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You are watching a free tutorial from HDR Photography Workshop.
To view the entire course, upgrade to Premium or purchase it in the SLR Lounge Store.


Introduction

With HDR photography, we are often consecutively capturing 3 or more shots with different exposures of the same scene to create a final HDR image. If we are manually capturing the shots in our HDR sequence, the chances of detail reduction in our images will increase as you might cause the camera to shake every time you press the camera shutter (not to mention ghosting caused by a longer duration between shots). So how can we minimize movement if we need to take consecutive images? Is there a way to take all the shots we need without having to press the camera shutter every time? The answer is yes! We can turn on our camera’s “continuous shooting” mode to take multiple shots with just a single click of the shutter. But before we start explaining the “continuous shooting” mode, we need to talk about Auto Exposure Bracketing (AEB) first.

WHAT IS AUTO EXPOSURE BRACKETING (AEB)?

Auto Exposure Bracketing (AEB) is a feature that is automatically built into most modern (within the last 5 years or so) DSLR cameras. Some advanced point-and-shoot cameras may also have this feature built-in. Now, all cameras are different so consult your manual to set up AEB in your specific camera. However, the general principles will apply to AEB, regardless of the camera model and brand. First, you need to choose the number of images you want in your bracketing sequence (if your camera offers this option). The number of images you can choose will depend on your camera. As we will discuss later, the optimal number of images in a AEB sequence is going to generally be 3 images.

04_aeb-images-in-bracket

Next, you need to define how far you want the exposure value spacing to be between each image in the sequence. So for example, you can set your images to vary between either 1, 2 or even 3 stops. Once again, consult your camera’s manual to set up AEB. Again, the optimal exposure value spacing between images is generally 2 stops, which we will chat about more later in this series.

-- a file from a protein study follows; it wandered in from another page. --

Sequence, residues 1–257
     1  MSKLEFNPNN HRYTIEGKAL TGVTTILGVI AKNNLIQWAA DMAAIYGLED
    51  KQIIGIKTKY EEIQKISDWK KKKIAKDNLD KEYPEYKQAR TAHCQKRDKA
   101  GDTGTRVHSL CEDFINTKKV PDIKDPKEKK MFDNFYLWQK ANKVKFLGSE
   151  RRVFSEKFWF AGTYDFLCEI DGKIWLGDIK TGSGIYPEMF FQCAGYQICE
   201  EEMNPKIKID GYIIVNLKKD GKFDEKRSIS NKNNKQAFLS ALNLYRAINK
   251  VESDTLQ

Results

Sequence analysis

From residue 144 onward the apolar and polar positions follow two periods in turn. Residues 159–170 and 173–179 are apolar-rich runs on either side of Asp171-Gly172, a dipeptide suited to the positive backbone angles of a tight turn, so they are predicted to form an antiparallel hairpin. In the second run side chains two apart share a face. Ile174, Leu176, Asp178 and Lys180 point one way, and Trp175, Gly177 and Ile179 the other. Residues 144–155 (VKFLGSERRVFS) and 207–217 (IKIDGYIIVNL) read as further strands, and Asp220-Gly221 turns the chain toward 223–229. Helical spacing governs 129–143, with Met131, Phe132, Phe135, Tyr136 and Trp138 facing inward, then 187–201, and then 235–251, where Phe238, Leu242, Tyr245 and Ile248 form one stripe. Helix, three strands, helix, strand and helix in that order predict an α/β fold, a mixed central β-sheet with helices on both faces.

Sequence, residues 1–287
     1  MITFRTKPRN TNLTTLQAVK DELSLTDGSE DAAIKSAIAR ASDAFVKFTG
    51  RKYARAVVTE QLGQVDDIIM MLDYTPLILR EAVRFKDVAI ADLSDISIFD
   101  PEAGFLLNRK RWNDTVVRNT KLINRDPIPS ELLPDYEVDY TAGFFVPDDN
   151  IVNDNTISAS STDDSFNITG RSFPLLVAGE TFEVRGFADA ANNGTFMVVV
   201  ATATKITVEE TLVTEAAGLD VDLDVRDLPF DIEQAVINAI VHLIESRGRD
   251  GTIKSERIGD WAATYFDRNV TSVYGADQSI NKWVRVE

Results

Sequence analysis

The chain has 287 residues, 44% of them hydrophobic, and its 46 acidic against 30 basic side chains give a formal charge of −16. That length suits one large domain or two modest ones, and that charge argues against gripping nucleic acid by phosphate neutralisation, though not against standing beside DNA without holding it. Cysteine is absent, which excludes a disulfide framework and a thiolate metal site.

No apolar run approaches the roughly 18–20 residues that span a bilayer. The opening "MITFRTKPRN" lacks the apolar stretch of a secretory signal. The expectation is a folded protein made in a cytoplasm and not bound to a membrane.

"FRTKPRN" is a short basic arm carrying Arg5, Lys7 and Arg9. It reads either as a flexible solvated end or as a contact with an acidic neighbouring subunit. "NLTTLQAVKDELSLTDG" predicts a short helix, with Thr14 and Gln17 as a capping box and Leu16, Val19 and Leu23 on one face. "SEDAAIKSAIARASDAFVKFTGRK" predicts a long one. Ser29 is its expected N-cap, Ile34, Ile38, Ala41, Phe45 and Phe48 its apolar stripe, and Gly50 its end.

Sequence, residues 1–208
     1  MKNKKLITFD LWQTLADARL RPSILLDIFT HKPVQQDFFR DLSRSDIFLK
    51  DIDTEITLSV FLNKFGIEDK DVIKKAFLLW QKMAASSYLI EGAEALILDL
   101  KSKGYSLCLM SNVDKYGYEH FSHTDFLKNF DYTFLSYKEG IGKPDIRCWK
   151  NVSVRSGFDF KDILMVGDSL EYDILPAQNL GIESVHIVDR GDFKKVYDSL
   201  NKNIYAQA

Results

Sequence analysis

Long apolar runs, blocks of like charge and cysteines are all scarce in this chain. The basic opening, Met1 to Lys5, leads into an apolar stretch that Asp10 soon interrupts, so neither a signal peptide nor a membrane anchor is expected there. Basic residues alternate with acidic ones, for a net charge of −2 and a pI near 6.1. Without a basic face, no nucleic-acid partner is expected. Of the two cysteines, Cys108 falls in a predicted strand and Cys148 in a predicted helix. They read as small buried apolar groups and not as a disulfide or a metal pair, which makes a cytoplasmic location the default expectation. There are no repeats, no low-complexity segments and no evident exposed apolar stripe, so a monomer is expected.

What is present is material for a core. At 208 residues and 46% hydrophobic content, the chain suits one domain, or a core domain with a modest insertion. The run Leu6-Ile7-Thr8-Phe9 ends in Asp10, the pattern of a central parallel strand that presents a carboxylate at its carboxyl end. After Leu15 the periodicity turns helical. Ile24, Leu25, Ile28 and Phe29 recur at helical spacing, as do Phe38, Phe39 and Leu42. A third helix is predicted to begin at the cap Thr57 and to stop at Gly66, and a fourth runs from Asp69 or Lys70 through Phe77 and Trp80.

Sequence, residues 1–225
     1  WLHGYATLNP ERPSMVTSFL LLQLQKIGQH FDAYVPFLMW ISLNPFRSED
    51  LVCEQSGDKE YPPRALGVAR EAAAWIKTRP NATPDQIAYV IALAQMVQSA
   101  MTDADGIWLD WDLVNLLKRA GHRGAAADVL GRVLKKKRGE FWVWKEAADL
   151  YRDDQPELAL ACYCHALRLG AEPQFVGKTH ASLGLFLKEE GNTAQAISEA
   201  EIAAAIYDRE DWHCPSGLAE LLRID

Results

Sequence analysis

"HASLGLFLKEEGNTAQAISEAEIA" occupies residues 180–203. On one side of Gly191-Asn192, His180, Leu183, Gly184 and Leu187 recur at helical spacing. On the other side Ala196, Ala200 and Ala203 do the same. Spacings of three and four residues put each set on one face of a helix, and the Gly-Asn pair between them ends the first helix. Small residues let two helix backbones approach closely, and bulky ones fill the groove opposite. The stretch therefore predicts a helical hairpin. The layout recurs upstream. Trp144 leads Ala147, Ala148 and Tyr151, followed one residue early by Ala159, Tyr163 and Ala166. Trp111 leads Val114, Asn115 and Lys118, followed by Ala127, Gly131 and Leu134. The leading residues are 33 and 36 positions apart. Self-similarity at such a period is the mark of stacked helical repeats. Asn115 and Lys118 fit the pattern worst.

05_aeb-exposures-bracket

“CONTINUOUS SHOOTING” MODE

Now, every camera is different, so the way your HDR images are shot depends on your camera’s features. If you have properly set up and dialed in your AEB, your camera should automatically fire 3 (or however many images you specified in your AEB) consecutive shots with just a single press of the shutter. If you find yourself having to manually press the shutter to take all of the exposure shots that are in the sequence, then your camera’s “continuous shooting” mode is probably turned off. Again, consult your camera’s manual to learn how to turn on the “continuous shooting” mode for your specific make/model.

Here is the continuous shooting mode function on a Canon 5D Mark III.

Step 1. Push the AF-Drive option
01_turn-on-continuous-shooting-mode

Step 2. Flip the dial until you see the 3 photo icon with the H (standing for High Speed).
02_turning-on-continuous-shooting-mode

On a Nikon D800, simply turn the dial to the continuous shooting mode as shown below.
03_continuous-shooting-mode

CONCLUSION

Once you have turned on your camera’s “continuous shooting” mode, your camera should fire all 3 (or more, depending on your AEB) consecutive shots without any further assistance. The “continuous shooting” mode is a great and useful feature because it will aid us in maximizing image detail since your shots will be fired quicker. In addition, using the “continuous shooting” mode will decrease camera shake, thus eliminating potential camera shake in your images.

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